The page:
Talk about adding insult to injury. The campaigns for several Democratic lawmakers reeling from the arrest of their campaign treasurer face the prospect of financial penalties themselves.
Federal prosecutors earlier this month accused Kinde Durkee of siphoning nearly $700,000 from a California assemblyman. She told authorities she had been misappropriating money from her many Democratic clients for years.
Her client list has several hundred names on it, including the California campaigns of Sen. Dianne Feinstein and U.S. Reps. Susan Davis, Loretta Sanchez, and Laura Richardson.
The candidates believe they are victims of embezzlement and fear that their campaigns could be out a substantial sum of money.
But the thefts also could mean they violated federal law by failing to accurately disclose disbursements and cash-on-hand balances.
The Federal Election Commission's regulations essentially require more than one person to run the finances for political campaigns. For example, two people should sign checks for $1,000 or more. Also, someone other than the person who signs the campaign committee's checks should review bank statements each month for unauthorized transactions. If the campaigns allowed Durkee too much free rein, they could face sanctions.
"The underlying issue is: Were there systems in place to prevent this from happening or was this essentially an accident waiting to happen?" said Kenneth Gross, a Washington-based attorney who advises candidates on campaign law compliance. "No one assumes they hire a crook, but it's a good idea to have procedures in case someone is tempted by having just one person with their hands on the control."
It happened before. In June 2010, the FEC fined the National Republican Congressional Committee $10,000 after the committee's treasurer had transferred hundreds of thousands of dollars from the NRCC to other accounts for his personal use. The treasurer, Christopher J. Ward, later pleaded guilty to embezzling nearly $850,000 from the NRCC and was sentenced to three years in prison.
The NRCC was a victim in every respect, but it also failed to accurately disclose activity to the FEC.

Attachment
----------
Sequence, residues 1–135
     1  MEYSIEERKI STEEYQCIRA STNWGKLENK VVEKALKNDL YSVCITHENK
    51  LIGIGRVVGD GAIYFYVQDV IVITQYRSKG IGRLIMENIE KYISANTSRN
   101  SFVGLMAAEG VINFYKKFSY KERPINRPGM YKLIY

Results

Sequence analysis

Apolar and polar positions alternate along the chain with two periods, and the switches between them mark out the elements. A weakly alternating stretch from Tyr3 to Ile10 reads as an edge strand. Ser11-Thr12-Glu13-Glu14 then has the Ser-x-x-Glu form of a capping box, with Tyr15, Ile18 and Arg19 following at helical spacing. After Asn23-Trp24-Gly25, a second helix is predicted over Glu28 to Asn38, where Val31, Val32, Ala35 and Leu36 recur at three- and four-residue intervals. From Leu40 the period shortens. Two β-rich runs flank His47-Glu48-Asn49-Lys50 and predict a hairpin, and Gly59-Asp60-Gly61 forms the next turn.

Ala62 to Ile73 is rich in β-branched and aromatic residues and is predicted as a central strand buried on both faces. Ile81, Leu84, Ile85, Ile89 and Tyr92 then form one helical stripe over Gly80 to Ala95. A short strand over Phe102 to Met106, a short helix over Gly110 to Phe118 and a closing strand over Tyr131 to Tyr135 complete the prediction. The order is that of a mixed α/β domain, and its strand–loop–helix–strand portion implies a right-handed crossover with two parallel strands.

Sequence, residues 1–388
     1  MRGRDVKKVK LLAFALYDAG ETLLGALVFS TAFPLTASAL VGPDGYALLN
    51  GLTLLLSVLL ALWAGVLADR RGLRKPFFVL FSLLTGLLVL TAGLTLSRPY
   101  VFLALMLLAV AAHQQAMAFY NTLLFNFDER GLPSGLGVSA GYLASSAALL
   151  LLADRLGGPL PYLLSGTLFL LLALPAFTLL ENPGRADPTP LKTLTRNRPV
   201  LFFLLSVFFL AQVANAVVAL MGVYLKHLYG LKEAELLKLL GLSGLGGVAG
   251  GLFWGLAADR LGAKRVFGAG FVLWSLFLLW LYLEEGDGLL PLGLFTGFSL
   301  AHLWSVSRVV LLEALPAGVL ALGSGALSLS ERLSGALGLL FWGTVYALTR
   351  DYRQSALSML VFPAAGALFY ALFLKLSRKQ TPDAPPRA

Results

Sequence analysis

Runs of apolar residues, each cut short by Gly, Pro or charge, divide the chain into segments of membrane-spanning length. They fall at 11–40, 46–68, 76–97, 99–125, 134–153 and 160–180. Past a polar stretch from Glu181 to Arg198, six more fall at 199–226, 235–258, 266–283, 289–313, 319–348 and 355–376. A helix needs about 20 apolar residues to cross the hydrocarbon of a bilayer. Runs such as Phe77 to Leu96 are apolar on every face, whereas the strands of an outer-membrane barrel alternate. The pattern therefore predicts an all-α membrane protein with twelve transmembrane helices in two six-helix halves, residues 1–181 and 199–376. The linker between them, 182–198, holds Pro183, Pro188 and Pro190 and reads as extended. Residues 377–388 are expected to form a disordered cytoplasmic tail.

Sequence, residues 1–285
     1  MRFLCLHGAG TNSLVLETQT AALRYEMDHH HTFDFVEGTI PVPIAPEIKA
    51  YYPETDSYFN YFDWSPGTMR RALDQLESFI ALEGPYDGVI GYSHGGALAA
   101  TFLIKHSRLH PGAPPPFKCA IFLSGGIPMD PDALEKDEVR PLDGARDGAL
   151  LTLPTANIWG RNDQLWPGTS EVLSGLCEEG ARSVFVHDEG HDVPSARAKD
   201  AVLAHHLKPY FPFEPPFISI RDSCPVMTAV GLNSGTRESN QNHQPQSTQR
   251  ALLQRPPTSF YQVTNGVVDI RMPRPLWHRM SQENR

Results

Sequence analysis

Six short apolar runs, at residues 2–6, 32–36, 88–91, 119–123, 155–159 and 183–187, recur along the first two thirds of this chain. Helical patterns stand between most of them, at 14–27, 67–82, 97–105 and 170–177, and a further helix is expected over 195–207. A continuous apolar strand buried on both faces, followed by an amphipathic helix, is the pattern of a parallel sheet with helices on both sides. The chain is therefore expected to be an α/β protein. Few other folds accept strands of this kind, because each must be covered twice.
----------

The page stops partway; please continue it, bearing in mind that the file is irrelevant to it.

The FEC's regulations would be standard protocol in the corporate world, Gross said. The FEC designed the regulations to protect donors by encouraging good accounting practices. If the campaign committees follow those procedures, then they would not be subject to a fine for filing incorrect reports.
It's not clear exactly who has lost money or how much in the Durkee case. The bank maintaining the candidates' campaign accounts won't release detailed information unless the campaigns sign releases freeing the bank from legal liability.
Feinstein's campaign estimates that she lost millions of dollars, according to a lawsuit filed Friday against First California Bank.
Bill Carrick, a longtime adviser to Feinstein, said the potential for FEC sanctions was among the least of his concerns right now.
"What we're focused on is that we have a bank that won't tell us how much money we've got in the bank and won't allow us access to our bank accounts." Carrick said.
Carrick said Feinstein's campaigns had used Durkee's accounting services since 1992 and there had never been an indication that the firm needed to beef-up its accounting processes.
"She had a big shop. She had 14 people there. We had relationships during each of the campaigns with account executives who responded to almost daily inquiries about our accounting and fundraising processes," Carrick said.
In the end, Carrick said it may turn out that the only similarities between the Durkee case and what happened with the Republican congressional committee was the issue of embezzlement. He believes that the Durkee case is far more complicated and that the FEC would take that into consideration when reviewing the inaccuracies in the various campaign disclosure reports.
"I don't think anybody has any idea about what the magnitude of this scheme was," Carrick said. "I think they're going to look at it and say this is unique."
The FEC would look into the case if it received a complaint of wrongdoing or if it received a referral from within the agency or from another government agency. The FEC also gives campaign committees an incentive to report violations by offering fines that are between 25 percent and 75 percent lower than they could otherwise expect.
The FEC has three Republican and three Democratic commissioners, frequently leading to deadlocked votes on enforcement actions recommended by the staff.
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